A couple of months ago I listened to a Planet Money podcast discussing the mysterious slowdown in US productivity growth (the link is to one of several podcasts on this topic). Like most NPR content, the story got recycled through a number of different programs, such as Morning Edition.

The upshot was, that productivity — which is essentially GDP/work — has stalled since the — I dunno — 90s, and it doesn’t make sense given the apparent revolutions in technology — faster computers, better networks, etc.

Anyway, the upshot — and I’m basing this on memory because I can’t find the exact transcript — is that there’s a mysterious hole in productivity growth which, if it were filled, would add up to several trillion dollars worth of lost value added.

Well, I think it’s there to be found, because Free Open Source Software on its own adds up to several trillion dollars worth of stuff that hasn’t been measured by GDP.

Consider the dominant tech platforms of our time — Android and iOS. Both are fundamentally built on Open Source. If it weren’t for Open Source, iOS at minimum would have been significantly altered (let’s assume NeXTStep would have had a fully proprietary, but still fundamentally POSIX base) and Android could not have existed at all. Whatever was in their place would have had to pay trillions in licenses.

On a micro level, having worked through a series of tech booms from 1990 to the present — in the 90s, to do my job my employer or I had to spend about $2000-5000 for software licenses every year just to keep up-to-date with Photoshop, Director, Illustrator, Acrobat, Strata 3d, 3dsmax, Form*Z, and so on and so forth. By the mid aughts it was maybe $1000 per year and the software was So. Much. Better. Today, it’s probably down to less than $500.

And, in this same period, the number of people doing the kind of work I do, is done by far more people.

That’s just software. This phenomenon is also affecting hardware.

The big problem with this “lost productivity” is that the benefits are chiefly being reaped by billionaires.

Photo-backup, Hubic, and Other Stories

So, a year ago I started backing up to HubiC after my previous backup service decided to stop servicing retail customers. At the time, HubiC seemed on paper like a great option — potentially offering the simplicity and utility of DropBox with effectively unlimited storage capacity.

In practice, HubiC is useless. I’ve had a 2012 Mac Pro constantly connected to HubiC via a fast cable connection for 12 months and managed to back up only about 1/4 of the files I’ve pointed at it. The damn thing breaks down constantly. Every time I log in it wants me to change passwords. They just billed me for renewal, but I’m two days late and I can’t cancel my account without paying for another year. Good luck with that, guys.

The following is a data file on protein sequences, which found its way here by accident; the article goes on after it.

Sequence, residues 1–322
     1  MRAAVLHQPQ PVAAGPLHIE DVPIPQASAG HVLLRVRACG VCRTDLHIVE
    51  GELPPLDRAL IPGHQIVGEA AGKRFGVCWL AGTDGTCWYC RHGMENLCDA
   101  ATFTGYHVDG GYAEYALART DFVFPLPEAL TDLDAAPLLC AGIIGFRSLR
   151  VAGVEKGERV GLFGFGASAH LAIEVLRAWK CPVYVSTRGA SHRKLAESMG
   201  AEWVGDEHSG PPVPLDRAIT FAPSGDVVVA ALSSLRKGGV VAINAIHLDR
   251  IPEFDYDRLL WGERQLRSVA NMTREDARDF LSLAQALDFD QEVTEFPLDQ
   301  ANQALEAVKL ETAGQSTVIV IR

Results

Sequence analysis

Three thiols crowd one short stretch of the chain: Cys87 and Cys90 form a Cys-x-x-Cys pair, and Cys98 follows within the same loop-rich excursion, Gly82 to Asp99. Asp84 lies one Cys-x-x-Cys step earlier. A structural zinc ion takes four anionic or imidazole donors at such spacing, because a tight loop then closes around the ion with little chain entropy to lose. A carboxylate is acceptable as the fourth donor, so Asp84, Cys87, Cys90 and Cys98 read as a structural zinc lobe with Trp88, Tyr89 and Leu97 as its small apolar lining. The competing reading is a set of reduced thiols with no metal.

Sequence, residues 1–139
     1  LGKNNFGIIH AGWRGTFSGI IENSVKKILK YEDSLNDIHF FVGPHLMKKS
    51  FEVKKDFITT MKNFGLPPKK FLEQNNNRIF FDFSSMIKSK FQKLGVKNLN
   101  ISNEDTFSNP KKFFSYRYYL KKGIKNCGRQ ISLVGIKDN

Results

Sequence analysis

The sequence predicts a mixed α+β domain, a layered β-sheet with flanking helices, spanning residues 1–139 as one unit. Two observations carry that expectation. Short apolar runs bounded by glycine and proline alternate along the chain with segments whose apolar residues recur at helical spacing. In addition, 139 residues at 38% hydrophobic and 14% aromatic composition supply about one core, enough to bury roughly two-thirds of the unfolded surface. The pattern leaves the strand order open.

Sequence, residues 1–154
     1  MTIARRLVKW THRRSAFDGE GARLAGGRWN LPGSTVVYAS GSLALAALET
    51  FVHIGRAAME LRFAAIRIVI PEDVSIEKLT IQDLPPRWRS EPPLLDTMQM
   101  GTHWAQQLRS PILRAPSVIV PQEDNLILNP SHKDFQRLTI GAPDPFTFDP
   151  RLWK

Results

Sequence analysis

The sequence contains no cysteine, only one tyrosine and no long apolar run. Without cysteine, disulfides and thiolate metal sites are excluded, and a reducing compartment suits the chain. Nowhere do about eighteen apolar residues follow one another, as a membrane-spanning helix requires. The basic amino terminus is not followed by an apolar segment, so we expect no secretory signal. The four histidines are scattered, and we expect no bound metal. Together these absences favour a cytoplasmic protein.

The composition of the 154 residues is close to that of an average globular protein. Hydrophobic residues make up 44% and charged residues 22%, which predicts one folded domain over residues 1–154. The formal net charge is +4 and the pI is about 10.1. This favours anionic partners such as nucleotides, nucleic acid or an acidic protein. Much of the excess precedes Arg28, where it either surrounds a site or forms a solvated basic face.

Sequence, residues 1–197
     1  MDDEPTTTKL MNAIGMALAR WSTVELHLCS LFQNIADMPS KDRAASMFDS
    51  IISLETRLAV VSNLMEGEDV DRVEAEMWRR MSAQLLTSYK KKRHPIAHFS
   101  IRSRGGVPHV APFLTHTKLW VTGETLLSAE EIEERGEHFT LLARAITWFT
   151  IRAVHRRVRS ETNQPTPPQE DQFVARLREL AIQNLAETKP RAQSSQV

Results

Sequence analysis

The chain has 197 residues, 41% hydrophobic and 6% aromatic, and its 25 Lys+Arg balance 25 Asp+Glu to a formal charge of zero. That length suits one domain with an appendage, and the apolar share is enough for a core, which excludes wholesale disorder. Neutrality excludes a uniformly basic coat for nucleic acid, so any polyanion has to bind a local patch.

Now, I haven’t been sitting on my hands while I watch HubiC fail to deliver on any of its promises. Most of my stuff continues to be backed up locally via Time Machine. The stuff I work on is stored in the cloud (iCloud, GitHub, Google Drive, and/or DropBox).

My big problem is photographs and video.

The disaster that is my Flickr account
Flickr’s auto-uploader turned my Flickr account into an unfixable mess

Now, when Flickr raised its “free” tier to offer 1TB of cloud storage for JPEGs, I jumped on that. It may not be RAW storage, but it’s better than nothing, and 1TB is enough space for a huge number of JPEGs. The big problem, Flickr’s (since discontinued) auto-uploader was so stupidly designed that it successfully rendered my Flickr account borderline useless (it created an album for every folder it found an image in, and it uploaded every image it found, including things like UI images inside applications and development trees, so I have “albums” comprising sprites from sample game development projects and logos for PHP templates) and Flickr’s account management tools look and work like something an intern abandoned in 2005, so just deleting stuff is an exercise in frustration. It looks to me like Flickr’s abandonware API isn’t really up to the task of even supporting a third party application to untangle the mess.

And of course, since Yahoo changed hands and various security scandals unfolded just logging into Yahoo accounts is a pain, and you need to navigate ads to even get into your account. Yahoo is the GeoCities of 2018.

Google photos in "action"
When I scroll to some arbitrary point on my timeline, this is what I see for some random (long) amount of time…